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Poor harvest prospects in bimodal areas likely to keep food prices high

  • Remote Monitoring Report
  • Tanzania
  • January 2013
Poor harvest prospects in bimodal areas likely to keep food prices high

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  • Key Messages
  • Projected Outlook through June 2013
  • Key Messages
    • Below normal Vuli and Msimu rains during November and December has triggered speculative behavior among traders and farmers, an action that could raise already-high food prices across the country.  

    • Off season rainfall is providing much needed moisture to replenish pastures and water points. These prolonged rains in bimodal areas in Kilimanjaro, Kagera, Mwanza, Mara, and some parts of Kigoma could help late planted maize and potato crops. However, the rains will likely have a negative impact on maturing bean and maize crops in Kagera and parts of Mara.

    • While most of the country is not experiencing acute food insecurity, outcomes will remain Stressed (IPC Phase 2) through April in the bimodal-to–unimodal transition areas and some central areas. Food security in these areas will most likely improve when the Msimu harvest arrives in April, increasing food supplies and reducing prices. 





    • High staple food prices across the country continue to limit food access for market-dependent households.
    • Prices will likely remain high in the first quarter of 2013 following poor Vuli rains and anticipated poor Vuli harvests in January.

    Bimodal-to-unimodal transition areas

    • Below normal rainfall during the 2012 Masika and Msimu rains resulted in below average production.  A poor 2012/13 Vuli harvest is expected due to below normal Vuli rains during November and December.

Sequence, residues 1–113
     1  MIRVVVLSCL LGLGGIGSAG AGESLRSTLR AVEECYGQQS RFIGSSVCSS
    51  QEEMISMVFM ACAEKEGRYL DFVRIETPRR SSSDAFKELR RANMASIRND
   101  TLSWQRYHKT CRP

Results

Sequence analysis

• The situation is not likely to improve until the arrival of the Msimu harvests from nearby areas starting in April.

    Bimodal rainfall areas

    • Erratic, poor rainfall distribution has impacted bean crops in much of Kagera region, primarily in the northern and northeastern areas.  
    • A below normal harvest will likely reduce food supplies and push bean prices higher in January. They will likely remain high until the Msimu harvest in July.

    Banana and Cassava growing areas

    • Both Banana Bacterial Wilt (BBW) and African Cassava Mosaic Virus (ACMV) continue to reduce the availability of food and cash, resulting in increased demand for non-local food supplies.
    • BBW and ACMV are likely to spread further, increasing market dependence on food sourced from outside the livelihood zone between February and June. 

    Projected Outlook through June 2013

    National:  As the lean season continues across the country, food supplies continue to be stable. Since July, food prices have remained high, increasing further between November and December following poor rainfall performance. In anticipation of a poor Vuli and Msimu season, farmers and traders have reduced maize sales and started holding on to maize supplies. The lean season that should have ended in the bimodal areas in January will likely be prolonged in some areas. The rest of the unimodal areas are in their lean season until the arrival of the green harvests in March. As a result, food prices are expected to remain high over the next few months, possibly increasing if demand for grain crops from neighboring Rwanda, Burundi, Democratic Republic of the Congo, and Kenya persists. Continued high transportation costs and high inflation rates are also keeping food prices high.